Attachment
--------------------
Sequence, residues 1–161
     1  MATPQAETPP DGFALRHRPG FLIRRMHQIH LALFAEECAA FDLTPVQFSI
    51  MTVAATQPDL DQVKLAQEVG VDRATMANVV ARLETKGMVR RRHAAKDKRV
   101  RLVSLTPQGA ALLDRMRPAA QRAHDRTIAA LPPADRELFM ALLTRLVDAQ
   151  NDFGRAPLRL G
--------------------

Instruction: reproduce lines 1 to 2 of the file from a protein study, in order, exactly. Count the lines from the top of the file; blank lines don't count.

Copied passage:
Sequence, residues 1–161
     1  MATPQAETPP DGFALRHRPG FLIRRMHQIH LALFAEECAA FDLTPVQFSI